See Jennifer Aniston's Strong Words on the Enduring "Sad Jen" Stereotype

"Why do we want a happy ending? How about just a happy existence? "

Jennifer Aniston, is one of the highest-paid actresses in Hollywood, with an estimated net worth of $200 million. She's the co-founder of the production company Echo Films, and her critically-acclaimed performances in both the 2002 film The Good Girl and the 2014 movie Cake proved she's a formidable actress whose talents far exceed what we saw in Friends. And, thanks to a healthy lifestyle, she's still got the dewey skin and toned physique of a woman in her early 20s. And yet, our perception of her continues to be that of Sad Jen—a jilted, weepy woman who just can't seem to hold down a man and is, in all likelihood, probably barren by now.

It's an unkind typecasting that she addresses in a cover story for Elle. She admits that part of the reason the media continues to doggedly portray her this way is because she was open about how upset she was when Brad Pitt left her in 2005.

"[That was] a time, I think, when the internet was really taking off. The tabloids started painting me in a light that wasn't true to who I was," she said.

She learned her lesson, and, these days, she's a lot more guarded when it comes to her personal life.

"I just was like, 'Shut up and say nothing, because there's nothing you can do. You can try to protest too much—No, I'm not unhappy! No, I'm not this! I'm not that.' I finally was like, 'I'm done. I'm going to shut the doors. I'm going to tune it out. If somebody tries to talk to me, I'll give one-word answers, and I will not be vulnerable.' I'm way too sensitive to be misinterpreted, misconstrued, or taken out of context. I just started to shut down."

But when her 2015 marriage to actor Justin Theroux ended after less than three years, Sad Jen reappeared, in spite of the fact that Aniston herself has no regrets or bitterness toward either of her supposedly "failed" marriages. She said:

"I don't feel a void. I really don't. My marriages, they've been very successful, in [my] personal opinion. And when they came to an end, it was a choice that was made because we chose to be happy, and sometimes happiness didn't exist within that arrangement anymore. Sure, there were bumps, and not every moment felt fantastic, obviously, but at the end of it, this is our one life and I would not stay in a situation out of fear. Fear of being alone. Fear of not being able to survive. To stay in a marriage based on fear feels like you're doing your one life a disservice. When the work has been put in and it doesn't seem that there's an option of it working, that's okay. That's not a failure. We have these clichés around all of this that need to be reworked and retooled, you know? Because it's very narrow-minded thinking."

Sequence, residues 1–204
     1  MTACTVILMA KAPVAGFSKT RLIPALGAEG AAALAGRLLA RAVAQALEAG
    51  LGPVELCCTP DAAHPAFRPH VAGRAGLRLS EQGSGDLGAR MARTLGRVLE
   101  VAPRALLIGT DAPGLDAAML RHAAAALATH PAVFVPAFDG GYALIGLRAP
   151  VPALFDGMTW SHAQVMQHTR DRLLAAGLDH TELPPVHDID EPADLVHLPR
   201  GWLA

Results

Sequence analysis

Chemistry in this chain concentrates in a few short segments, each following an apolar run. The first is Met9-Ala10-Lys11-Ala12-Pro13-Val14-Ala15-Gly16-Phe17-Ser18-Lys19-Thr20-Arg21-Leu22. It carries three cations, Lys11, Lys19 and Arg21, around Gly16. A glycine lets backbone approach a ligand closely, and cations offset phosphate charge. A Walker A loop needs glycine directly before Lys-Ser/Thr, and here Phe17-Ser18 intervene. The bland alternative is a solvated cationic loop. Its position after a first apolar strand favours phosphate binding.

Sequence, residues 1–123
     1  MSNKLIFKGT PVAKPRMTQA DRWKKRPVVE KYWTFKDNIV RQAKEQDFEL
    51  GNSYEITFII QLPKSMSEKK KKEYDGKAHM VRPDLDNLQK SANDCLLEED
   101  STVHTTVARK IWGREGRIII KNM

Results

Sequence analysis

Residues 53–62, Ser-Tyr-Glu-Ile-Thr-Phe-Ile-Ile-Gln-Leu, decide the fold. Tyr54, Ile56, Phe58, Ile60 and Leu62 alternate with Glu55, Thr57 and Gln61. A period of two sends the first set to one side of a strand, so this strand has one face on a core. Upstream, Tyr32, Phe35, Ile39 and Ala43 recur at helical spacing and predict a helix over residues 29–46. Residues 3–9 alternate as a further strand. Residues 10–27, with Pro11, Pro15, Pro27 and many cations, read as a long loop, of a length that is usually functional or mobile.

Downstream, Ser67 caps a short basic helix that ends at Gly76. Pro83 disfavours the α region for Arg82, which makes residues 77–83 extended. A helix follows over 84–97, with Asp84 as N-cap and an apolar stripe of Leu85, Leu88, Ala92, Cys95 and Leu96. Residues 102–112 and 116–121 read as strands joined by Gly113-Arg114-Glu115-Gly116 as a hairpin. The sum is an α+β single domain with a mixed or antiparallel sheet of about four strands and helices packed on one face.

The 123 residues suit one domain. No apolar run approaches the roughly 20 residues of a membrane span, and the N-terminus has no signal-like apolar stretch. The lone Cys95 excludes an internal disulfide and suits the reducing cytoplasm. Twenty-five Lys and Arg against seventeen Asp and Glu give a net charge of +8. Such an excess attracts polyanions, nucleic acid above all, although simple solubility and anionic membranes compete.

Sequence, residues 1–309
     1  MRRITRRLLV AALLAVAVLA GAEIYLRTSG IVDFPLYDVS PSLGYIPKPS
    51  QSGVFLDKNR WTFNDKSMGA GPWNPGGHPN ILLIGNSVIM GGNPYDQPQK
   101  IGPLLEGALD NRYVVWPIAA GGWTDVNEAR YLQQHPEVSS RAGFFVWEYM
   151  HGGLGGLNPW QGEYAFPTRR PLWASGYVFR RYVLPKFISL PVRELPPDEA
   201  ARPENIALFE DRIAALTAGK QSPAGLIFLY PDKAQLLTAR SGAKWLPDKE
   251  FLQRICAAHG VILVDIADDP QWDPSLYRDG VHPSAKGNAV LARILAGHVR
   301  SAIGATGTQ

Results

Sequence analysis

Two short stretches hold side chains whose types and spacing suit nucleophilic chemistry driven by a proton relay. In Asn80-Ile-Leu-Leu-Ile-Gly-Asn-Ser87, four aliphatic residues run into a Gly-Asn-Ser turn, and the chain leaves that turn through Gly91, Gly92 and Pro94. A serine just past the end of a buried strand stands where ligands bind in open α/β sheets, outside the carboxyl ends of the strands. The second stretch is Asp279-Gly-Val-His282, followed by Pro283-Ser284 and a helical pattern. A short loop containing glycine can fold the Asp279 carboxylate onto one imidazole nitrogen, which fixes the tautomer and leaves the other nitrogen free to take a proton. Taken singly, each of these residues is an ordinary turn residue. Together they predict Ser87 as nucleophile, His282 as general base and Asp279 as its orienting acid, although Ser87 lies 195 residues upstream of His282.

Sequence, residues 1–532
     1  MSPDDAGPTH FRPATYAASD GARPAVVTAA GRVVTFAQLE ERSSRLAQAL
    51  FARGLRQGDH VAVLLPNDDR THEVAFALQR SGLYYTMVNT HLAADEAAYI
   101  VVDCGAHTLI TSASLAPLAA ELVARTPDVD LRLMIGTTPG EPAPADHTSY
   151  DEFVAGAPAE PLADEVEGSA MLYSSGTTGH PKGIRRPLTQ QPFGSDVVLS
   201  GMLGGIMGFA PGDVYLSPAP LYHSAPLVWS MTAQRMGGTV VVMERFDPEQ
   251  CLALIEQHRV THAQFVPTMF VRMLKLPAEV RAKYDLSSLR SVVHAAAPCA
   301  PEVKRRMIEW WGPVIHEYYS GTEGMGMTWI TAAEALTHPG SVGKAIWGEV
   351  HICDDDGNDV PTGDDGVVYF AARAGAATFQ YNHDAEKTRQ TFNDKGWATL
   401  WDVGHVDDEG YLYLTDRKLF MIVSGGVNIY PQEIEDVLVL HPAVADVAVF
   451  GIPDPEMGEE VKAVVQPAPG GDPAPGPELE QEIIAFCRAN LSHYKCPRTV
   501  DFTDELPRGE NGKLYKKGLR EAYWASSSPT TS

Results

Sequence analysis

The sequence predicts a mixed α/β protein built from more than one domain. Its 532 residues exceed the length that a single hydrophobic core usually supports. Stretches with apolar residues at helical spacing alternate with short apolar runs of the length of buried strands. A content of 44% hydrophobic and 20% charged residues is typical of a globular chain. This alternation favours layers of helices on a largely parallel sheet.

Aniston believes that this fixation with painting her as some sort of chronically depressed divorcée is the result of the sexist expectations that we still harbor over what it means to be successful as a woman, especially an aging one. She went on:

"We live in a society that messages women: By this age, you should be married; by this age, you should have children. That's a fairy tale. That's the mold we're slowly trying to break out of…Why do we want a happy ending? How about just a happy existence? A happy process? We're all in process constantly. What quantifies happiness in someone's life isn't the ideal that was created in the '50s. It's not like you hear that narrative about any men…That's part of sexism—it's always the woman who's scorned and heartbroken and a spinster. It's never the opposite. The unfortunate thing is, a lot of it comes from women. Maybe those are women who haven't figured out that they have the power, that they have the ability to achieve a sense of inner happiness."

Which is why, when asked why people seem to continue to focus on her romantic status, she observed, "Maybe it has everything to do with what they're lacking in their own life,"

"It's such a shallow lens that people look through," she said. "It's the only place to point a finger at me as though it's my damage—like it's some sort of a scarlet letter on me that I haven't yet procreated, or maybe won't ever procreate."

For the record (and the umpteenth time), Aniston hasn't ruled out having children, she's just not using them as a marker with which to assess her life.

"Some people are just built to be wives and have babies," she said. "I don't know how naturally that comes to me…Who knows what the future holds in terms of a child and a partnership—how that child comes in…or doesn't? And now with science and miracles, we can do things at different times than we used to be able to."

For now, she's enjoying the sumptuous Los Angeles home she shares with three dogs where she frequently hosts parties and enjoys the sunset in blissful solitude. It may not be the "happy ending" we all imagined, but it's certainly a happy existence.

And for more stories about women embracing their lives with strength, check out Emma Thompson's brilliant words on the joys of aging.

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Diana Bruk
Diana is a senior editor who writes about sex and relationships, modern dating trends, and health and wellness. Read more
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